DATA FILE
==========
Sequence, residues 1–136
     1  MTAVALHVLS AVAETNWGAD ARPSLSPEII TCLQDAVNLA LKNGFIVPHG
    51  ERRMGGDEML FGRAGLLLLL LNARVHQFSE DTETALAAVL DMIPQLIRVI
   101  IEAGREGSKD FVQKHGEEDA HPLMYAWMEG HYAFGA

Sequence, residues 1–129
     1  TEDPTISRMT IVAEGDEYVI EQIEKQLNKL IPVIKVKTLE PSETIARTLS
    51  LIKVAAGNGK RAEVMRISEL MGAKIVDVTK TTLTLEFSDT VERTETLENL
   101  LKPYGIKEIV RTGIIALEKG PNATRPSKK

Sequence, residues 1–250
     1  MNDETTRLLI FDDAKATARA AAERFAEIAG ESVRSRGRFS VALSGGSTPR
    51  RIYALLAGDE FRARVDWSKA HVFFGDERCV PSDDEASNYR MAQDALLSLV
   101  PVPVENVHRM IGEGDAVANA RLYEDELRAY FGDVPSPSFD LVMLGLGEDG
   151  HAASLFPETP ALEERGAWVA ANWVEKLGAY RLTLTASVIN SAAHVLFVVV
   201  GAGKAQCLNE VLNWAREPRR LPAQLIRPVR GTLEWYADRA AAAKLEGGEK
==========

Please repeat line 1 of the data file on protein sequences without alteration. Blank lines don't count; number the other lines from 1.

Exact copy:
Sequence, residues 1–136